Changes in the traditional way of living in the Sahel were also brought about by a rapidly increasing population. In 1930, approximately 16 million people and 12 million cattle were supported by the land. Forty years later, the population had increased to 24 million people, and the amount of cattle had doubled. Increases in the number of cattle were made possible by the introduction of veterinary medicine and the drilling of thousands of boreholes, or deep wells. Water was always the limiting factor on the number of cattle in the nomads' herds. This situation changed when boreholes a thousand feet deep were drilled into the land. But, the trampling of the soil around these watering holes proved to be destructive. When thousands of cattle came to drink, they trampled plants and compacted the soil around the boreholes As more and more cattle were added to the herds, overgrazing began to take its toll.
As a result of overgrazing, the perennial grasses of the region began to disappear. These grasses could grow up to six feet tall and had roots just as deep. As the grazing increased, the roots of the plants became more shallow and were unable to penetrate to water during the dry season. When these grasses died, coarse annual grasses grew in their place. These small plants dried up quickly and were unable to hold the soil together. Much of the fertility of the exposed land was blown away in the wind, and the land was unable to support plant life.
The growth of the human population also led more and more people to farm the fragile land. The French introduced cotton and peanuts as cash crops. This increase in cultivation placed a strain on the land. The fallow period was decreased from 20 years to five years or, in some cases, disregarded. So farmers turned to marginal lands less suited for agriculture to grow their staple food crops. The land could not support the strain of intensive agriculture. The fertility of the soil declined. As crops failed, the soil was left exposed to the forces of wind and rain. The soil eroded, gullies were formed, and in many cases the land became barren.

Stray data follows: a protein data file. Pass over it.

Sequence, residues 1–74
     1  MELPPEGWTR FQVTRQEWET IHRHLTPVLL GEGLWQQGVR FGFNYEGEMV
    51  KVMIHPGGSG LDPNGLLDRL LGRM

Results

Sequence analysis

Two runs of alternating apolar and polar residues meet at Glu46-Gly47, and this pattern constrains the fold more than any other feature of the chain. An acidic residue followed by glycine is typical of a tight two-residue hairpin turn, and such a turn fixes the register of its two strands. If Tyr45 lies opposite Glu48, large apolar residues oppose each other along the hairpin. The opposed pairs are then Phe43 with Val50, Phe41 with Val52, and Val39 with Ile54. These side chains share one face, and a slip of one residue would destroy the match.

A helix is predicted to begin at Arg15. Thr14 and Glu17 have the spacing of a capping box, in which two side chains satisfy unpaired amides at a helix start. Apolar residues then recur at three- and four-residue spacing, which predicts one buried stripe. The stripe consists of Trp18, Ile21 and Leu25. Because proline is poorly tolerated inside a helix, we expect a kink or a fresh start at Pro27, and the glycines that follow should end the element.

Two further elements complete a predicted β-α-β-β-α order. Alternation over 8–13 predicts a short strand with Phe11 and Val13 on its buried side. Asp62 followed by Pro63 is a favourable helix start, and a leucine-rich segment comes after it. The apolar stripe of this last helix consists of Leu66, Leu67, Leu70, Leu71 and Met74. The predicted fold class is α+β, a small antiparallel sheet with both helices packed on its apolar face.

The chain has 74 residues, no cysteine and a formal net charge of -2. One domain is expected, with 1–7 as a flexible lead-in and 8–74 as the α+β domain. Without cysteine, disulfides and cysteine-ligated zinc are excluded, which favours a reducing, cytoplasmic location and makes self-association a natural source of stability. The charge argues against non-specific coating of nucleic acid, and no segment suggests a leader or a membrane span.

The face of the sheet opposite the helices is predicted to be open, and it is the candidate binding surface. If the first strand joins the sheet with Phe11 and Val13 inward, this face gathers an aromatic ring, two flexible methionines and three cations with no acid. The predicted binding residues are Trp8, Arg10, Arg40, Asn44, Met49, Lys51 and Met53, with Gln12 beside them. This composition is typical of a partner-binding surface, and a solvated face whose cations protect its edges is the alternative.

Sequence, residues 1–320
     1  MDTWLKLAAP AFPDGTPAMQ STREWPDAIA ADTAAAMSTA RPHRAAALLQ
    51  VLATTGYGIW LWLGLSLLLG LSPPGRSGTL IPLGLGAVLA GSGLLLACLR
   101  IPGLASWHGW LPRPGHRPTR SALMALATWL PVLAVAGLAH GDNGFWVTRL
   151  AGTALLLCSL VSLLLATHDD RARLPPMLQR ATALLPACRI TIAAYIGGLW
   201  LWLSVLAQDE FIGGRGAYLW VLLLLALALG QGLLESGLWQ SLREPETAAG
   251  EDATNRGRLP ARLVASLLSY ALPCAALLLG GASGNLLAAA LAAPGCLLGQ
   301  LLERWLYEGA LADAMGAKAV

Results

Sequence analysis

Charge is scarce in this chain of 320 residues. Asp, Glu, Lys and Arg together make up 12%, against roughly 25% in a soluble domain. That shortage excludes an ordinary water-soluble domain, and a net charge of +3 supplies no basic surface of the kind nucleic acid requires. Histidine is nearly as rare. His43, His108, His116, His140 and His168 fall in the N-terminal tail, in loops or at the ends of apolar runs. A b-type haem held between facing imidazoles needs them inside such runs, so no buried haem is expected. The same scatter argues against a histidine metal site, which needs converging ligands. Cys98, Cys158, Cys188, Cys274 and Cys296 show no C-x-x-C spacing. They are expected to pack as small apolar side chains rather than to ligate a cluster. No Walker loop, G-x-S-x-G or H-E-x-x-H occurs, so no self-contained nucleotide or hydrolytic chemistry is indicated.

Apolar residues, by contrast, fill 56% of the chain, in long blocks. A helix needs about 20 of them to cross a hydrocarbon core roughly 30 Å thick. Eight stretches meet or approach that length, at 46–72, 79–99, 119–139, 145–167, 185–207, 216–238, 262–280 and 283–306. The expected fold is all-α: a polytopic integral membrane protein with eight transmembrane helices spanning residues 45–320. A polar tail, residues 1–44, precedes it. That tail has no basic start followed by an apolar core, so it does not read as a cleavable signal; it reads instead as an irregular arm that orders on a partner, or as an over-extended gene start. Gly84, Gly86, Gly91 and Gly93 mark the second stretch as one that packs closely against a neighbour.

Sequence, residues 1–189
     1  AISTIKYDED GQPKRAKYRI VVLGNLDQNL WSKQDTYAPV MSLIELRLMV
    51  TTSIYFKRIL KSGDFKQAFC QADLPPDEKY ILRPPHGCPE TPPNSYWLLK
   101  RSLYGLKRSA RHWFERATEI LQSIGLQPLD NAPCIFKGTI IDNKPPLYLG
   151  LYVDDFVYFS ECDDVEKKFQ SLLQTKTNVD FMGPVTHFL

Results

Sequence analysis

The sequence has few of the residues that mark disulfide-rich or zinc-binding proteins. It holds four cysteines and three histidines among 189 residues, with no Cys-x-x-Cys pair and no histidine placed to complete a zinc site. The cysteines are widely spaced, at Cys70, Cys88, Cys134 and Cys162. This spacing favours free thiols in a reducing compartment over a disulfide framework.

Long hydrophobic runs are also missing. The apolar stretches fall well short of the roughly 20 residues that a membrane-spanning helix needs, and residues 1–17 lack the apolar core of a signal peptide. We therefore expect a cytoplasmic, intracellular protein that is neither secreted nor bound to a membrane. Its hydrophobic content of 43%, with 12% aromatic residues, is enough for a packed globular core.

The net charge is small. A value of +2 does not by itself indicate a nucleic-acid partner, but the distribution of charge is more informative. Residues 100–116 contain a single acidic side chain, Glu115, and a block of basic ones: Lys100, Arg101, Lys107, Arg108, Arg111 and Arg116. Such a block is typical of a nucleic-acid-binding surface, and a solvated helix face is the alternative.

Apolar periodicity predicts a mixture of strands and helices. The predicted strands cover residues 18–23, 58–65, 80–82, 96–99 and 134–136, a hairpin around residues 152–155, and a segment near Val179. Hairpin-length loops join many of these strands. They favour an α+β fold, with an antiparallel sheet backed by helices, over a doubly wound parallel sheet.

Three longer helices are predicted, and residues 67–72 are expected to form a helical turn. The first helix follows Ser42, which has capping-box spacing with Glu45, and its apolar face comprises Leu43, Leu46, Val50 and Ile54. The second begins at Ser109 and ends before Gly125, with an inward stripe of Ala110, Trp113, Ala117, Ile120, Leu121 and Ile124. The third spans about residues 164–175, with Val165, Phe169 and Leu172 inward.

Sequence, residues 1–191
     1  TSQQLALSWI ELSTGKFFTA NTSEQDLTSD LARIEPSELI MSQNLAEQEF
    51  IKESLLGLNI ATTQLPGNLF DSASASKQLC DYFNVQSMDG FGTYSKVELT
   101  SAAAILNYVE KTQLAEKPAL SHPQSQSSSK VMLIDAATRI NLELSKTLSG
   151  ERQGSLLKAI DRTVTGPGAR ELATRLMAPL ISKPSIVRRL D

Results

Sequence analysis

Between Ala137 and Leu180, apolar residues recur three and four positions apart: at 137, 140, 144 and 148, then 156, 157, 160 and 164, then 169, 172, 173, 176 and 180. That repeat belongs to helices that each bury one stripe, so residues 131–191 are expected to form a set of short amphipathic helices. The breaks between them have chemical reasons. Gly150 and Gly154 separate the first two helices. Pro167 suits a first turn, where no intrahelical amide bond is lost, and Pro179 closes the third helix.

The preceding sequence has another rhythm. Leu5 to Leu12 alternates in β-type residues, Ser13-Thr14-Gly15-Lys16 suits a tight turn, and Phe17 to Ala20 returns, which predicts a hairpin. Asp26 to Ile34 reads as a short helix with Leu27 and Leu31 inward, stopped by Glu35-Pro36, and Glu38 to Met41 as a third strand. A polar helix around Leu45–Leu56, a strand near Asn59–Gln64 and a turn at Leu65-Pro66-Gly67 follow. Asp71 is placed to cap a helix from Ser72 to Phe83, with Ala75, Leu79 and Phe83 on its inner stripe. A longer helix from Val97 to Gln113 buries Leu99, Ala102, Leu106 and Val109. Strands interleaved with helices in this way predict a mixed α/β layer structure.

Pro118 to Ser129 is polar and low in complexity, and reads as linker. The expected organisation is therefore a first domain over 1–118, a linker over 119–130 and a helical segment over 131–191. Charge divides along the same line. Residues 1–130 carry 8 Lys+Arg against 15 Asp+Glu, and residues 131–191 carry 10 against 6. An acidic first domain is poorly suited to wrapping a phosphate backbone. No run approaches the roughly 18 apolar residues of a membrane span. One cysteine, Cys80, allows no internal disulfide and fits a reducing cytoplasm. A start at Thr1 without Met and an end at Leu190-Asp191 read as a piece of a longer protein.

The human population continued to grow by 2.5 percent each year. The scant number of trees in the region began to disappear as the number of people grew. Trees that recycle nutrients from the soil and help prevent soil erosion were cut to clear the land for farming and to provide fuelwood. The intensive cutting of trees also led to deterioration of the land's fertility.
In 1960 the Sahelian countries were granted independence. Their newly found independence was greeted by seven years of unusually heavy rains. The rains allowed more cattle to be born, and overgrazing was intensified. Attempts to induce nomads to reduce their herds were unsuccessful. Nomads have traditionally viewed their herds as insurance against hard times. In their view, cattle are like money in the bank. They increase and multiply like money earning interest. And, unlike bags of coin that need to be transported from place to place, the cattle move themselves. Under nomadic conditions, cattle were a most appropriate form of money. As a means of cementing friendships, nomads loaned cattle or "mafista" to one another. From their point of view, it made sense to keep as many cattle on the hoof as possible.
The stage was then set for disaster. In 1968 the drought hit. The result was massive starvation and suffering. The world was stunned by the disaster. Foreign aid poured into the Sahel in an attempt to save lives. Countries of the world began to focus on an environmental problem of severe consequences: desertification.